Railway Age: Short Line and Regional Marketing Advocate
December 2000

Wooing, winning, and keeping customers



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The Year 2000 has been most instructive for the railroad industry. Weíve seen the business slowly adjusting to a supply-chain environment where customers increasingly buy on transportation value, not just the freight rate. The BNSF-CN merger attempt drove home the fact that the railroads have had some catching up to do in terms of how The Best Companies are run today.

Traditionally railroad operating emphasis has been on running bigger trains infrequently because fewer train starts mean less operating cost per car. Thatís important when service levels are cost-driven and sold so as to beat the lowest bid on the table. However, itís a long-established fact that a quality product as measured by the customer always commands a premium price. Then you can afford to do what the customers want.

Well, customers want dependable service and no excuses. What follows is a summary of how the various carriers have fared in this environment and what 2001 is expected to bring. Perhaps Paul Denton, CEO of shortline Maryland Midland sums it up best: "We must provide a specialized, customer-oriented service which means our trains run when our customers want them to." Increasingly, that means On Time Every Time, and the class 1s are getting a lot better at it. The future looks brighter than it has in a while as the rails come to grips with the modern management practices needed to woo, win and keep customers.

The big difference between CN and everybody else goes straight to execution in terms of customer service and asset management. The real payoff came in October when CN turned in 30% more earnings per share on 5% more revenue YTD. Boxcar miles per day rose 14% over third quarter last year, and half of what theyíre carrying is new business off the highways. For 2001, CN sees more of the same targeting the business now in trucks with new service offerings, continued expense containment, and better asset utilization. Double-digit EPS appreciation and significant free cash flow should result.

At the October analystsí meeting in NYC, Norfolk Southernís Vice Chair and Chief Operating Officer Steve Tobias stressed a return to scheduled service. Don Seale, SVP Sales and Marketing, talked about the importance of the "core carload business" to NS. For the quarter revenues from other than coal, intermodal, and automotive accounted for nearly half the total. Add back auto and itís 57%. So carload customer satisfaction has got to play a key role for NS in the coming year. There is no other choice.

Union Pacific had said earlier this year it expected to increase revenues at a rate of GNP-plus. Six percent year to date surely delivers that. And for 2001 UP cites new services that capitalize on reduced variability, transit times, and car-cycle times to continue the trend. At CSX, merchandise carload revenue (not intermodal, auto or coal) was up 3% in the third quarter and 12% for nine months. CSX is also trotting out new service initiatives, some of them with UP, and CEO John Snow says he is "cautiously optimistic" for the coming year.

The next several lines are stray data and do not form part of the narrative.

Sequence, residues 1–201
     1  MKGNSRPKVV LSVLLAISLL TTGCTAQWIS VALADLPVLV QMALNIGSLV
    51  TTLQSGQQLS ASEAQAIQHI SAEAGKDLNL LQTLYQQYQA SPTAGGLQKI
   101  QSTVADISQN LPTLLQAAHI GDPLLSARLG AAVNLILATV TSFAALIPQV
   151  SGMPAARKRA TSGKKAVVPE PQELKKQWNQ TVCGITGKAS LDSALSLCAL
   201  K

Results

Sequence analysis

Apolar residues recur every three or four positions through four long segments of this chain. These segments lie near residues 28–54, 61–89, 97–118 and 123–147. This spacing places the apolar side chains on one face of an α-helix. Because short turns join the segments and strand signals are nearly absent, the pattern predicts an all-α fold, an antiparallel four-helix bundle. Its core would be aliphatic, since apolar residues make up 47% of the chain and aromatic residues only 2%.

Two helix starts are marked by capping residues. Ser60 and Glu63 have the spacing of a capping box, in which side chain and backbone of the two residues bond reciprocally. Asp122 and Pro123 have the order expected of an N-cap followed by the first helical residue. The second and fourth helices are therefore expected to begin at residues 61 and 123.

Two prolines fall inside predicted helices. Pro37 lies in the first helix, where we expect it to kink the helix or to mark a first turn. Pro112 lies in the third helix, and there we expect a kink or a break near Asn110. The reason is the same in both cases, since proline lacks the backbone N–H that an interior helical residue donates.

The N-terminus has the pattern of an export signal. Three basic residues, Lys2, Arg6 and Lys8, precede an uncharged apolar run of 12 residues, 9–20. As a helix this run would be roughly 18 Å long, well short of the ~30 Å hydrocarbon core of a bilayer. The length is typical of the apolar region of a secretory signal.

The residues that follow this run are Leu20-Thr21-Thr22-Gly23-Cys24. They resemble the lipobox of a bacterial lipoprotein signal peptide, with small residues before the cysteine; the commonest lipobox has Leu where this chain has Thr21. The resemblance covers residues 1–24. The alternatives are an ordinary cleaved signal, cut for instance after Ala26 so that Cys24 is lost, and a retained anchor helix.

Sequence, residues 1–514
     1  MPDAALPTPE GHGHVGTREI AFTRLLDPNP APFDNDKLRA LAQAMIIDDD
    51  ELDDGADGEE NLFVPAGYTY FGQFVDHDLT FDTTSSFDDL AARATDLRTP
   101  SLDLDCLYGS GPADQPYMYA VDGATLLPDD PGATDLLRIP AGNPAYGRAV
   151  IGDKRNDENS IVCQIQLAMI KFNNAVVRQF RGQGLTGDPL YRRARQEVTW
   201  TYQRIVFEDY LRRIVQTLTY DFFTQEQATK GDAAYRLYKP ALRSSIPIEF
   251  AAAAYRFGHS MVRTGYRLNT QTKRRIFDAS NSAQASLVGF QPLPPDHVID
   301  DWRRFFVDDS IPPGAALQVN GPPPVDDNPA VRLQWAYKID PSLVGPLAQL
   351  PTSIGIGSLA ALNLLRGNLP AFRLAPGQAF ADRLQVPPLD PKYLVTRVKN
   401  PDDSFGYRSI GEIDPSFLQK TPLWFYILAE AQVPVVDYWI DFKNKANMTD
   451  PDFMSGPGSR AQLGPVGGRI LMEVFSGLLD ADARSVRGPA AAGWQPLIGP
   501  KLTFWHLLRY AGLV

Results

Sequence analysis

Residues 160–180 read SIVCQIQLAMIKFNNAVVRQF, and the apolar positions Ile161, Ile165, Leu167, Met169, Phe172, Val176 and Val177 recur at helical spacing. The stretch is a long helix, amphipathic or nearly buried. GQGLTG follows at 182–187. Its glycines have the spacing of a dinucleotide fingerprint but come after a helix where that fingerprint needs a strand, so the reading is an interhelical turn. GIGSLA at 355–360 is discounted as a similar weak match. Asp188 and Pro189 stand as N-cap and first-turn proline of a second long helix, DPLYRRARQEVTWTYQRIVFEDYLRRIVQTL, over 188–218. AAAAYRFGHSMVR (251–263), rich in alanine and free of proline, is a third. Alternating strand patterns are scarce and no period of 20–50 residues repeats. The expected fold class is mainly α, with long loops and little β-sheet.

Canadian Pacific Railroad CEO Robert Ritchie says just 46% of their business is interline. Thus CP is looking for more ways to involve feeder lines and e-commerce. Octoberís shortline gathering in Calgary showcased a number of new themes including expanded web links and profiles of connecting shortlines and regionals. The secure e-portal for shortlines is next, and the live beta test I saw in Calgary is a sure new-business grabber.

The big BNSF story is about positioning for the changing rail user environment. Says Chief Commercial Officer Chuck Schultz, "We have to be better at listening to customers and doing what it takes to meet their expectations." The company has set up a customer advisory board, holds customer symposiums, and conducts customer satisfaction surveys. And the recurring theme has been consistent guaranteed service. Sounds more like P&G than a railroad.

Recall in late September BNSF was the first railroad ever to offer a money-back guarantee: if the car doesnít show up as planned, you get your money back. All of it. However, this is no pricing gimmick. It takes knowing the customerís processes intimately and being able to provide long-term solutions.

Everybody knows shortlines excel in customizing service offerings and BNSF reports that revenues from shortline-served customers are up 6% YTD vs. 2% for BNSF-served customers. Thatís almost all "loose car business," and Dave Garin, Group VP for Industrial Products, can tell you exactly where some 20,000 shortline carloads of new business are coming from.

So regardless of which class 1 youíre talking about, shipping on, or using through a shortline, there are finally emerging new tools to add value to the supply chain management process. As one rail executive told me, "At one time if we were to exit every piece of carload business we didnít do well, weíd be out of business." Happily, the exits are being sealed.


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